Umamusume: Pretty Derby is currently streaming on Crunchyroll.
When it comes to continuations in anime, I couldn’t have asked for anything more than what Non Non Biyori Nonstop delivered.
This third season does well to reinforce what makes the series as pleasant and fun as it is, all whilst giving the small town setting some new and familiar faces to interact with. The introduction of a new character in Akane ended up working well, whilst a returning Honoka, who previously appeared way back in Season 1, allowed for a satisfying reunion and proper farewell with Renge.
This season also wasn’t afraid to reinforce some of the more peculiar humour Non Non Biyori can provide, perhaps the most notable being an episode involving an animatronic plushie of Komari riding a dog which ends up roaming the countryside and uttering its catchphrase “I am Koma Plushie!”.
Overall, Nonstop provides a strong third season and continuation for the overall series – hopefully a fourth isn’t too far off!
On the topic of working on the strengths of a series, Dr. STONE: Stone Wars also impressed me with how solid (no pun intended) its second season was.
The first season of Dr. Stone for me started out a bit weak but by the conclusion was an enjoyable enough story that I was curious to see develop further. Stone Wars does just that, as we bear witness to Senku and his allies preparing for war against Tsukasa and his underlings.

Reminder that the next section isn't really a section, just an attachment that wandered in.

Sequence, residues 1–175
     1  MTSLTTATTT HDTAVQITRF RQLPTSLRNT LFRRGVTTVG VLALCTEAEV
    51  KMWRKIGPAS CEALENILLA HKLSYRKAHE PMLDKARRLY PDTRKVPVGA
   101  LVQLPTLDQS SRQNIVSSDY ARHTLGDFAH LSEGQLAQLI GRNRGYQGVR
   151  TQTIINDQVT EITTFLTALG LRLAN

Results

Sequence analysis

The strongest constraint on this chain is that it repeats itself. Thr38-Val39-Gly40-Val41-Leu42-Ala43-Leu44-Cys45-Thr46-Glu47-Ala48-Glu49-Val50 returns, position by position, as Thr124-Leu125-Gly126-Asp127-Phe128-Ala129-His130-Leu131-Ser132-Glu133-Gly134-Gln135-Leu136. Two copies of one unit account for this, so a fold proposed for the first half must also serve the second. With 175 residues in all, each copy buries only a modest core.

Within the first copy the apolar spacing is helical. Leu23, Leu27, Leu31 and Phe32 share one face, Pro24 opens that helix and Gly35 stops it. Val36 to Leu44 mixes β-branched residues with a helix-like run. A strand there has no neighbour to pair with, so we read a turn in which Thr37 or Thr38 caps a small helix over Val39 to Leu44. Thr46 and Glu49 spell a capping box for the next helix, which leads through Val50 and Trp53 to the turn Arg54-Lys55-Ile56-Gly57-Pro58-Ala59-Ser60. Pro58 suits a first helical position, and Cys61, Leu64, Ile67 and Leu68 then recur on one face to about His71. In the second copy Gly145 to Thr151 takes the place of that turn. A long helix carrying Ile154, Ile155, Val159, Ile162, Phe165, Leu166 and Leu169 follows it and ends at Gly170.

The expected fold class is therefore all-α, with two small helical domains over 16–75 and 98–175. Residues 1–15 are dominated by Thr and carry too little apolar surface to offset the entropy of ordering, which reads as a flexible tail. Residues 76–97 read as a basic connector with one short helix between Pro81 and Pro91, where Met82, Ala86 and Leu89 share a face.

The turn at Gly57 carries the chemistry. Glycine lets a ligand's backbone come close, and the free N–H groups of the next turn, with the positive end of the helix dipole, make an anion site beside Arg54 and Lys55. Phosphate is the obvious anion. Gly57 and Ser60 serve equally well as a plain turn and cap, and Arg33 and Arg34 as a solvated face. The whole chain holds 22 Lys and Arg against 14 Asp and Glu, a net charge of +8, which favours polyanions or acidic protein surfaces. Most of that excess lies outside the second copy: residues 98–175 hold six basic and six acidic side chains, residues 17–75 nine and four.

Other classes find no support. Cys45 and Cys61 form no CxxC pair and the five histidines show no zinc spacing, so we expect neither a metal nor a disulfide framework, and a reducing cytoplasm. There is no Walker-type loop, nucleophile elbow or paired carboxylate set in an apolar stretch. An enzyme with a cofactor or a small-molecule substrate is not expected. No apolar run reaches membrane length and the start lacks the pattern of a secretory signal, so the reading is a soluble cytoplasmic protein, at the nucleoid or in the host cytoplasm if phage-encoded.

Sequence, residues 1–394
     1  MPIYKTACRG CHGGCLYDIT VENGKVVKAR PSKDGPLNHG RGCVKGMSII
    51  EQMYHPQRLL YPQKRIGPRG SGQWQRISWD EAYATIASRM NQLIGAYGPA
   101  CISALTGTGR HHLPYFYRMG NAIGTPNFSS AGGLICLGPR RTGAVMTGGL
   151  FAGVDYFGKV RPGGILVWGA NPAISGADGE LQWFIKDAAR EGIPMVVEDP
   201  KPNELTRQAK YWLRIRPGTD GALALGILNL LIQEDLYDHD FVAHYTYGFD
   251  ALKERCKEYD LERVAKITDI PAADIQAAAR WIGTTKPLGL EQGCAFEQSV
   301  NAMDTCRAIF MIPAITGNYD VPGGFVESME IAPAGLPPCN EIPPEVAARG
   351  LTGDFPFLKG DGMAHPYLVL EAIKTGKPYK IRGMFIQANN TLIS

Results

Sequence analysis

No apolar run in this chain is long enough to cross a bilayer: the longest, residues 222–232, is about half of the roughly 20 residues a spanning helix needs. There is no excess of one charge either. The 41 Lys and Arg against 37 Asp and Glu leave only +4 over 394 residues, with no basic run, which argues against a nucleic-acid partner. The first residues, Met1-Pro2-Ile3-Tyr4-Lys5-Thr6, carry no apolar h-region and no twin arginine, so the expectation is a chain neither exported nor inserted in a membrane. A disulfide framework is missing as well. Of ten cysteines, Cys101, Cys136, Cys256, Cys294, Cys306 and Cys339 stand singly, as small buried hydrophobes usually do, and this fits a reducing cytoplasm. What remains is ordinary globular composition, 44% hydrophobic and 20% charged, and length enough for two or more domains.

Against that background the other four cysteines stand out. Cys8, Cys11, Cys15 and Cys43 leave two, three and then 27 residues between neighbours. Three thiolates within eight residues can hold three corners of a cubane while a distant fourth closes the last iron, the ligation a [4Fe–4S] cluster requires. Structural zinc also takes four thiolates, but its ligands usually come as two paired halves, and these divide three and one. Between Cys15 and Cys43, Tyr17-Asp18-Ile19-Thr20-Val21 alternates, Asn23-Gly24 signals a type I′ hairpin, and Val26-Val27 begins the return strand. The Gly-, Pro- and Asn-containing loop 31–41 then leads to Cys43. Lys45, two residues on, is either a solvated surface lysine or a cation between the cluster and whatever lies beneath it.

The process of actually doing so involved plenty of fascinating inventions familiar to us but new to those within the series, and their reactions made for some great moments – especially with Kaseki and his infatuation with the heavy vehicle dubbed the “Steam Gorilla”.
As the climax came into play we got some new revelations and a look to the future of the story, for which we’ll be seeing a third season soon. All in all, Stone Wars impressed me and highlighted the strengths of the stories’ fun concepts whilst also managing some emotionally satisfying moments as well.
True Cooking Master Boy has had its moments, delivering a serviceable but unremarkable second season and Yatogame-Chan, Kansatsu Nikki, a short-form anime provided another set of stories in its third series which were about what I expected overall – fun little moments and some new additions to the cast.
Non Non Biyori Nonstop is available to watch on Crunchyroll & HIDIVE, whilst Dr. STONE: Stone Wars is streaming on both Crunchyroll and Funimation.